var tupleList = new List<(int Index, string Name)>
{
    (1, "cow"),
    (5, "chickens"),
    (1, "airplane")
};

foreach (var tuple in tupleList)
    Console.WriteLine($"{tuple.Index} - {tuple.Name}");

Output on console:

1 - cow 5 - chickens 1 - airplane

I hope I've covered everything. In case, there is anything which I've missed then please give me a feedback in comments.

Note: My code snippets are using string interpolation feature of C# v6 as detailed here.

  • 1
    install-package System.ValueTuple – OzBob Mar 14 '19 at 4:27
1

I usually create a new type that derives from Tuple, and map your explicit properties to return the base class's ItemX properties. eg:

public class Person : Tuple<string, string>
{
    public Key(string name, string age) : base(name, age) { }

    public string Name => Item1;
    public string Age => Item2;
}
0

Unfortunately, this is not possible using the "Tuple" type, as it is defined as "Item1...N" in MSDN. So this exception is valid.

This method can compile in 3 ways: 1.) Change return type to object - this will create an "anonymous" type, which you can then use later. It is not particularly useful if you want to access the "Name" or "Age" property later without some additional work. 2.) Change return type to dynamic - this will let you access the "Name" and "Age" property, but will make the entire program (just the DLL where this method is located really) slightly slower as the use of dynamic necessitates throwing out some strong typing. 3.) Create a class and use it as teh return type.

Sample code here:

private static object ObjectTuple()
        {
            return new { Name = "Nick", Age = "Twenty" };
        }

        private static dynamic DynamicTuple()
        {
            return new { Name = "Nick", Age = "Twenty" };
        }

        private static Temp TempTuple()
        {
            return new Temp{ Name = "Nick", Age = "Twenty" };
        }

        class Temp
        {
            public string Name { get; set; }
            public string Age { get; set; }
        }
0

As per me, when you want to return or get many things from a single method, better make its return type as CLASS but if you intend to use Tuple which itself is Class then for better naming this new class should inherit from Tuple. e.g. mentioned below.

 public CustomReturn ExecuteTask( int a, string b, bool c, object d )
        {
        // Calling constructor of CustomReturn Class to set and get values
          return new CustomReturn(a,b,c,d);
        }

        internal class CustomReturn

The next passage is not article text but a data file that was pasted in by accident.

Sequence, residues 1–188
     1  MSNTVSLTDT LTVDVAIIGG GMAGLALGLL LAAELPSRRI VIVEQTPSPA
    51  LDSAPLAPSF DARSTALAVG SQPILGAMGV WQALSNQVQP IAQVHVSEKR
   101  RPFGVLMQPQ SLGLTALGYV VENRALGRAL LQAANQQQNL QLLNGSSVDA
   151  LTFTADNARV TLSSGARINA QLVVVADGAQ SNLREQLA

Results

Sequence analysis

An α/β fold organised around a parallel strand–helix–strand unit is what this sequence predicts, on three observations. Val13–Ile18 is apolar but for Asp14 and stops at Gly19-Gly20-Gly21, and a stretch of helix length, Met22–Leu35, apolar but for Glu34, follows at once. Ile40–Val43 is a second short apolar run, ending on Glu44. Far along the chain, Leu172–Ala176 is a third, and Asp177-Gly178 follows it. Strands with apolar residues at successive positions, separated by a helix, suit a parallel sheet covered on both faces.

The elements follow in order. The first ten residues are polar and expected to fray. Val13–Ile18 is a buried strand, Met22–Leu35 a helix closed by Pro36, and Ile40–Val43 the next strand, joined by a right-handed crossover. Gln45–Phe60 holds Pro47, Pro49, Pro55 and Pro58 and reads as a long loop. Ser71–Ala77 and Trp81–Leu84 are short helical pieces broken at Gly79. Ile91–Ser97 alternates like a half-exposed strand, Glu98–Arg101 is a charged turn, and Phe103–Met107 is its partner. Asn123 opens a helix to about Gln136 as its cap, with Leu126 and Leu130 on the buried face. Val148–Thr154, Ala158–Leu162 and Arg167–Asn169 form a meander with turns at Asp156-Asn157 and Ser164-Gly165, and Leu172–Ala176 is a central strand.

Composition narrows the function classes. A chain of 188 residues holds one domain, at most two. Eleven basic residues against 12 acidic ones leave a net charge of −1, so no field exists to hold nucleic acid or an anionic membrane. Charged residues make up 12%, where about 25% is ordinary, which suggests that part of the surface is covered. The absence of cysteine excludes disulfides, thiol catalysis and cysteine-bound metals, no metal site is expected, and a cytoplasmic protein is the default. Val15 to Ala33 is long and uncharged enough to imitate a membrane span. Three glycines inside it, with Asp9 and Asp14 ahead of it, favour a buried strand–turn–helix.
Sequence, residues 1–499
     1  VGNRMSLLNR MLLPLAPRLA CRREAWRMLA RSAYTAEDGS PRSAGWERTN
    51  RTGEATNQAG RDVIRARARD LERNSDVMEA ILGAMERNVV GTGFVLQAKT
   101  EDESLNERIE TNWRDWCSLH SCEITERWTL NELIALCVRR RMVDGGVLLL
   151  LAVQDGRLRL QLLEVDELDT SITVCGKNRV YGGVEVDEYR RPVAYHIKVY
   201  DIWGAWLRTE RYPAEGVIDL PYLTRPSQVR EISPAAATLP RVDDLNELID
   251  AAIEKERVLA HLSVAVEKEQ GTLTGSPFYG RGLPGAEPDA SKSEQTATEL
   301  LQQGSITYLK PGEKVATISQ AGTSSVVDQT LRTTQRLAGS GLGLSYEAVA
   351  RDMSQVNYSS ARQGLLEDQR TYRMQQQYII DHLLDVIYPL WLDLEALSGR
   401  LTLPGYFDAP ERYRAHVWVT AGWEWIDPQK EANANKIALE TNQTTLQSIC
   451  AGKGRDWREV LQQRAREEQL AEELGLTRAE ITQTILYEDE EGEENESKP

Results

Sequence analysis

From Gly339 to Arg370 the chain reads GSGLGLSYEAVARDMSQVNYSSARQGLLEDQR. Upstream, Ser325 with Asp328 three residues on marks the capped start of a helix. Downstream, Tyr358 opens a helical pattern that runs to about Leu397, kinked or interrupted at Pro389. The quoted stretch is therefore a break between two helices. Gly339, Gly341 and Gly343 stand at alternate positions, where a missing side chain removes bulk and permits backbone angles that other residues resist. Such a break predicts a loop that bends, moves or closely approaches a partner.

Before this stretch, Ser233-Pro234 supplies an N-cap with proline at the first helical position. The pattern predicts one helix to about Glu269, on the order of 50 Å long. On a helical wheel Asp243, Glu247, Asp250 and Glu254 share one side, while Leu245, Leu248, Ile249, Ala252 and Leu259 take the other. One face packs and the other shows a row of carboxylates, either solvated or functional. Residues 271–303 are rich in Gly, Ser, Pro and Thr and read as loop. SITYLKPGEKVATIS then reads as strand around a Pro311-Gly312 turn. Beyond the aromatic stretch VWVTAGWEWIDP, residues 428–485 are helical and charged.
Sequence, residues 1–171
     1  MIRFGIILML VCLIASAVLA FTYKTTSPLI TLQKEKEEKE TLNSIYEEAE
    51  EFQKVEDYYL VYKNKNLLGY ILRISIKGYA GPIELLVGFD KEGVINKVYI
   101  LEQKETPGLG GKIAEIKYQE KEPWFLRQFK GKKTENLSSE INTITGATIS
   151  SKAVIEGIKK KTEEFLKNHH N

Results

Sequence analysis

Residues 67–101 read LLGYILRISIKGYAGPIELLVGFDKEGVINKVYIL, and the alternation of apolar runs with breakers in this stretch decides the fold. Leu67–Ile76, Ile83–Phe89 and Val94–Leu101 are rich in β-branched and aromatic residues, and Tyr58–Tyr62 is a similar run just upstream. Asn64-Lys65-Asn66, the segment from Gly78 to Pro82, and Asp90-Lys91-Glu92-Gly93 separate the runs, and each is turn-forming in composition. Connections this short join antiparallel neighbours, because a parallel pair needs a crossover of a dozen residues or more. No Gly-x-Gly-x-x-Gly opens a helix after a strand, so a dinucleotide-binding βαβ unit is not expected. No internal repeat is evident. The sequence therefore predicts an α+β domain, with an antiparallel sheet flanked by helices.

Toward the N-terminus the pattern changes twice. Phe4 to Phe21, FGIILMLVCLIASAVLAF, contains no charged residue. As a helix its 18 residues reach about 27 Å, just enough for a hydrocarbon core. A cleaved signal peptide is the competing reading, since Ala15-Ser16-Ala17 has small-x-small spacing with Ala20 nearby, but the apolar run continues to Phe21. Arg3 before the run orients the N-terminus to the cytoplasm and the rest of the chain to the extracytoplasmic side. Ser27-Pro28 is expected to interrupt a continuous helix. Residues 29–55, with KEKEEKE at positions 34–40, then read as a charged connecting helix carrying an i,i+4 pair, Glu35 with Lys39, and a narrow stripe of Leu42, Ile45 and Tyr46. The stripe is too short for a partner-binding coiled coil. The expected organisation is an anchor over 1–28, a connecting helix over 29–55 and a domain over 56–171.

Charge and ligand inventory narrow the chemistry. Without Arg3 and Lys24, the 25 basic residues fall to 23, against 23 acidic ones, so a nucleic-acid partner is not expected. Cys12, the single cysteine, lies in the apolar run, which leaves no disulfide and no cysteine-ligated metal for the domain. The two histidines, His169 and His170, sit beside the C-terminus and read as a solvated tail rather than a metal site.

// for tuple inherit from Tuple<int,string,bool,object,double>
        { 
          //for tuple public int A{ get {this.Item1} private set;}

          public int A{get;private set;}
          public string B{get;private set;}
          public bool C{get;private set;}
          public object D{get;private set;}

          public CustomReturn (int a, string b, bool c, object d )
              // use this line for tuple ": base( obj, boolean )"
            {
              this.A = a;
              this.B = b;
              this.C = c;
              this.D = d;
            }

        }

    Main(args)
    {
      var result = ExecuteTask( 10, "s", true, "object" );
      // now if u have inherited Tuple for CustomReturn class then 

      // on doing result. you will get your custom name as A,B,C,D for //Item1,Item2,Item3,Item4 respectively also these Item1,Item2,Item3,Item4 will also be there.
    }
-4

You might try dynamic:

    private static dynamic methodTuple()
    {
        return new { Name = "Nick", Age = "Twenty" }; 
    }

... but returning a defined Type or struct is best as mentioned already.

  • 3
    Then he'll have lost all static type safety, clearly defeating the entire purpose of having more semantically meaningful type information (and then some). It makes the code noticably worse than even having property names of Item1 and Item2. Instead of having two properties with bad names, the caller now doesn't even know what properties are there, what they're called, what their types are, etc. – Servy Jan 12 '15 at 18:50
  • it satifies the requirement. Are you saying there is no use for dynamic? – Crowcoder Jan 12 '15 at 18:51
  • 1
    Thats a hole different story. – CSharpie Jan 12 '15 at 18:51
  • 1
    @Crowcoder He's saying that this is not an appropriate usage of dynamic not that there are no appropriate uses of dynamic. Those are two radically different statements. – Servy Jan 12 '15 at 18:53
  • I'm not saying it is better than returning a defined Type or stuct, but I was providing a solution to the specific problem. – Crowcoder Jan 12 '15 at 18:55